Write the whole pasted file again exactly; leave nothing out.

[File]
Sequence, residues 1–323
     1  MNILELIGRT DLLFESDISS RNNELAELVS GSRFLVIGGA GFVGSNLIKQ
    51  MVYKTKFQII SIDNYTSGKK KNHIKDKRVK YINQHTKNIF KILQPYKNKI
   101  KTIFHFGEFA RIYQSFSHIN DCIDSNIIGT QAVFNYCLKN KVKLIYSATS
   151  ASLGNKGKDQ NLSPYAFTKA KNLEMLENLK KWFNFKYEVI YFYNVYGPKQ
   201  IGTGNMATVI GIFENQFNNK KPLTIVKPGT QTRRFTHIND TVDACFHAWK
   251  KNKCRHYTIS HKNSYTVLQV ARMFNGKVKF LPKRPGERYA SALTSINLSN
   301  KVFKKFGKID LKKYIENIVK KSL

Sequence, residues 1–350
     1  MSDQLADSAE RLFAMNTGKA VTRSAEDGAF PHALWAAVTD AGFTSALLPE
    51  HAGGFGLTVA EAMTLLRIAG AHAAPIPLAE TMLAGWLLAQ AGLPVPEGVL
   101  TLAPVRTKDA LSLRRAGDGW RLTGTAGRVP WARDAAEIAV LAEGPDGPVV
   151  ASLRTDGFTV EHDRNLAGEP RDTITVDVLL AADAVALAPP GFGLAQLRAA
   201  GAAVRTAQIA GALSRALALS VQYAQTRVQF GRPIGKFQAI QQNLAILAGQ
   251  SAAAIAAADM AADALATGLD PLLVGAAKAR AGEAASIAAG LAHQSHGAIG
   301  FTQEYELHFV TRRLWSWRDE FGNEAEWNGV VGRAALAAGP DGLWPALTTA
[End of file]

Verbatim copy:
Sequence, residues 1–323
     1  MNILELIGRT DLLFESDISS RNNELAELVS GSRFLVIGGA GFVGSNLIKQ
    51  MVYKTKFQII SIDNYTSGKK KNHIKDKRVK YINQHTKNIF KILQPYKNKI
   101  KTIFHFGEFA RIYQSFSHIN DCIDSNIIGT QAVFNYCLKN KVKLIYSATS
   151  ASLGNKGKDQ NLSPYAFTKA KNLEMLENLK KWFNFKYEVI YFYNVYGPKQ
   201  IGTGNMATVI GIFENQFNNK KPLTIVKPGT QTRRFTHIND TVDACFHAWK
   251  KNKCRHYTIS HKNSYTVLQV ARMFNGKVKF LPKRPGERYA SALTSINLSN
   301  KVFKKFGKID LKKYIENIVK KSL

Sequence, residues 1–350
     1  MSDQLADSAE RLFAMNTGKA VTRSAEDGAF PHALWAAVTD AGFTSALLPE
    51  HAGGFGLTVA EAMTLLRIAG AHAAPIPLAE TMLAGWLLAQ AGLPVPEGVL
   101  TLAPVRTKDA LSLRRAGDGW RLTGTAGRVP WARDAAEIAV LAEGPDGPVV
   151  ASLRTDGFTV EHDRNLAGEP RDTITVDVLL AADAVALAPP GFGLAQLRAA
   201  GAAVRTAQIA GALSRALALS VQYAQTRVQF GRPIGKFQAI QQNLAILAGQ
   251  SAAAIAAADM AADALATGLD PLLVGAAKAR AGEAASIAAG LAHQSHGAIG
   301  FTQEYELHFV TRRLWSWRDE FGNEAEWNGV VGRAALAAGP DGLWPALTTA